OPINION: The Fundraising Preference Service – a monologue with stakeholders

Plymouth Business SchoolProfessor Adrian Sargeant

Adrian Sargeant has read the consultation document on how the Fundraising Preference Service might operate. He’s found quite a bit wrong with it.

The working group on the new Fundraising Preference Service (FPS) has now published a discussion paper on how best to implement the service and the issues that must be addressed.

It is interesting to note in the opening paragraph that they claim that the FPS has now been “accepted” by the sector when in reality only a tiny minority see it as a desirable step. Indeed it has been imposed with no consultation whatsoever and without anyone analysing the likely costs of the scheme or its impact on giving in the United Kingdom.

As I’ve written elsewhere if the scheme is implemented it will be deemed appropriate for the first time in this country for an individual to say ‘never talk to me again about need in my community or around the world’. No matter what disaster unfolds on their doorstep it will be unlawful to make an approach. We also face the interesting prospect of ministers actively promoting the FPS so they can be seen to have had an impact. The government will effectively be encouraging individuals to press ‘reset’ on their philanthropy – as though it was a bad thing, and something they should regret.

You can’t opt out of this…

Philanthropy is a deep articulation of one’s love for others. That we would now be actively encouraging folks to abstain from it deeply sickens me.

…but you can turn you back on this.

Why should it be harder to ask someone to save or enrich a life than to ask them to buy insurance or a packet of soap powder?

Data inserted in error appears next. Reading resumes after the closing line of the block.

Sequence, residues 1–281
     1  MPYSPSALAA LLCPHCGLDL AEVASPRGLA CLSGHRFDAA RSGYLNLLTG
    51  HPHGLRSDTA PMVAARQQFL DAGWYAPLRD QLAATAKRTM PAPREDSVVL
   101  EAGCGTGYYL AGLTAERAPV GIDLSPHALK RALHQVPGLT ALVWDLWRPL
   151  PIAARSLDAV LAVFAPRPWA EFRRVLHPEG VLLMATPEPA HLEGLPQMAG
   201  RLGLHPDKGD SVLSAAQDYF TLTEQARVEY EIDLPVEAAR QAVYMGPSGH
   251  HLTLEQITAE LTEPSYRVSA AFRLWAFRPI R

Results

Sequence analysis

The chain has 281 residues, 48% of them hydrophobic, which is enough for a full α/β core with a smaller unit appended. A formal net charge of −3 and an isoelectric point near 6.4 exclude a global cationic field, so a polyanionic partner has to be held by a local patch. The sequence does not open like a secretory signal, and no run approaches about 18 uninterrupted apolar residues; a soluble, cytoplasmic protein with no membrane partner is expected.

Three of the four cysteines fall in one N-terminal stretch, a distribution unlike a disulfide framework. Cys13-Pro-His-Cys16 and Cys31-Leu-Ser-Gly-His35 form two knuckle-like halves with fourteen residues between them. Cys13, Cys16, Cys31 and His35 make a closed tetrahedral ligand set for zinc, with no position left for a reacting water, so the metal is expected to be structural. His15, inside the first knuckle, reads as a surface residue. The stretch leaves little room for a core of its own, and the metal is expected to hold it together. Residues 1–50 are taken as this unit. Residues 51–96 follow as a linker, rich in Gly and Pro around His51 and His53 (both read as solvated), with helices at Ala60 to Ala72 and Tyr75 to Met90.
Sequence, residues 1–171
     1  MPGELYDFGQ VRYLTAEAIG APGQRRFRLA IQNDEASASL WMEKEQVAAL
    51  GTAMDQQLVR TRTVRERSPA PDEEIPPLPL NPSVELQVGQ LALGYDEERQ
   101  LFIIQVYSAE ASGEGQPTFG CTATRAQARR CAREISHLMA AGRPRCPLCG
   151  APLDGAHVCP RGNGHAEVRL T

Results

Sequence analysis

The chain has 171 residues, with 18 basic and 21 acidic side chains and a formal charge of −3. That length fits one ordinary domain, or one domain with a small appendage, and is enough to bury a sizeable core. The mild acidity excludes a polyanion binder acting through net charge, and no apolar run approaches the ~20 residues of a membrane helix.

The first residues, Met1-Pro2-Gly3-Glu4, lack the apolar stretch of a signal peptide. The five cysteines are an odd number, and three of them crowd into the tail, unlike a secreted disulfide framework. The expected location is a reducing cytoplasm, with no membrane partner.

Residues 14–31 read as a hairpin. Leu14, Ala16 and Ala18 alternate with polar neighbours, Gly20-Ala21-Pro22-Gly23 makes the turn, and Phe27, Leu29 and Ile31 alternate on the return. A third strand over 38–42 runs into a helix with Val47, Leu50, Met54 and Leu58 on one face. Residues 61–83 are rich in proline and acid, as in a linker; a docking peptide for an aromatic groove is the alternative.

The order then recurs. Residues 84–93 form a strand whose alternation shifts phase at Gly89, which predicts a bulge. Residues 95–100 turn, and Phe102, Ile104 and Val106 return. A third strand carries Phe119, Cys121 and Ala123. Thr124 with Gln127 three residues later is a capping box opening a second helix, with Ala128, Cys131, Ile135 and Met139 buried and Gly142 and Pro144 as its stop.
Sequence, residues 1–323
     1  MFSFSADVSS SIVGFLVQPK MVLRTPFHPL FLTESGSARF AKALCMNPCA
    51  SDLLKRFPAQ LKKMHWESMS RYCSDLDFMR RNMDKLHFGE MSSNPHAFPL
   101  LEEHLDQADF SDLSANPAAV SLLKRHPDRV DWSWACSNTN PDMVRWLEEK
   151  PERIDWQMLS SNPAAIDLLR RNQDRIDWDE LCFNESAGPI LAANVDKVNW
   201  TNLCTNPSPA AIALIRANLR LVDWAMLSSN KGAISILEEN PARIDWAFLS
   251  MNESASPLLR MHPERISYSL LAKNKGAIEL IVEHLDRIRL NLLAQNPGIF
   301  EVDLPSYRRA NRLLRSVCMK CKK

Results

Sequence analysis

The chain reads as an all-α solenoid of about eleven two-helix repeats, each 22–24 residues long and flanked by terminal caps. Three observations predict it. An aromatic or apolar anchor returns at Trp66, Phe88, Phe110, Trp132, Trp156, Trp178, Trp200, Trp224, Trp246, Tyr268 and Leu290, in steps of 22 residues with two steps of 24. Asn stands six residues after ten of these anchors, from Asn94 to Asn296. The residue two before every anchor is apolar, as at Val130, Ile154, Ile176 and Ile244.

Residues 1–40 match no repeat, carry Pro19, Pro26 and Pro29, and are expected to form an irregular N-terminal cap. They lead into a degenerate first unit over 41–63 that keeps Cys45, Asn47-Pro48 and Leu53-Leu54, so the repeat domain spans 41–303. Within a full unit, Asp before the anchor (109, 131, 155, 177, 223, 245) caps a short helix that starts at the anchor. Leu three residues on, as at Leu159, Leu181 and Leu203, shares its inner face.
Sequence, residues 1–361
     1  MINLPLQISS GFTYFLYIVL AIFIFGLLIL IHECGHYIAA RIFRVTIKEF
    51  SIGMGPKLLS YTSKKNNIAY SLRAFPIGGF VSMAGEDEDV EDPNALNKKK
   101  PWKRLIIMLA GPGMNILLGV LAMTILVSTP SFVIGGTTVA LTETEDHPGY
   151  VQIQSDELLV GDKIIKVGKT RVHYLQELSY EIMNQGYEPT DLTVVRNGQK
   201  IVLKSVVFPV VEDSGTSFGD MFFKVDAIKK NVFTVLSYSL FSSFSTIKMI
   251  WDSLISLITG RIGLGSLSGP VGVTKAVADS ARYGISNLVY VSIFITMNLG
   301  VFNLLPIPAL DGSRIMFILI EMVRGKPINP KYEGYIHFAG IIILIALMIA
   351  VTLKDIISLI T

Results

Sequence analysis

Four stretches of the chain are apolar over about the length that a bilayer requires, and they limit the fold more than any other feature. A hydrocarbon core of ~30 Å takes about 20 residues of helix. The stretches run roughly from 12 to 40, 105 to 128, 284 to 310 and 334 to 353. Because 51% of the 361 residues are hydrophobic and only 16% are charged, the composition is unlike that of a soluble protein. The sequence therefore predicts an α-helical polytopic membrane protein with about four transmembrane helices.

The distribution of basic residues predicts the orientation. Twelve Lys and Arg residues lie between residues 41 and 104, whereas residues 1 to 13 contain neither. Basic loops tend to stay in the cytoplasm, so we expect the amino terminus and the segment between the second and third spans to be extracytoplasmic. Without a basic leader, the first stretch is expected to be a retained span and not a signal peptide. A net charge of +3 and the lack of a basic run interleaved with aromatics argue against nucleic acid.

I would encourage the new regulator to think very carefully about the implications of the FPS for philanthropy in this country and to ask the minister to give them time to do their job and implement a new code. In my judgement this may well be enough to curb the excesses that were highlighted last summer and allow us to hit the joint goals of improving the quality of fundraising practice while maintaining the current level of philanthropy available to serve need in this country

If we continue down the route of creating an FPS the very vulnerable people we were intending to protect will find their services cut and their quality of life suffering as some 20 per cent is wiped off the income attracting to the sector because of this and other initiatives.

The FPS will also be difficult and time consuming to implement and whatever is eventually decided on will inevitably be flawed as it isn’t practical to single out a single sector of society for attention in this way.

My thoughts on the minutiae are as follows:

  • The FPS would deprive existing donors of communications we know they enjoy, derive value from and enhance their experience of philanthropy. The scheme is so complex that many individuals will not realise what they are opting out from. Remember the suggested move from opt-out to opt-in is being prompted because it is argued that folks don’t understand what they are signing up to. This scheme is a good deal more complicated than a simple opt-in or -out and will inevitably lead to public confusion and concern.
  • We also know from research that people generally don’t have a good understanding of what a charity is, or what categories of organisation might be included. If I hit reset believing I don’t want to hear from ‘charities’ anymore, I probably won’t realise that I will no longer receive appeals from my alma mater, my son’s school, my local hospital, a faith-based group or the art galleries or museums that I love to attend.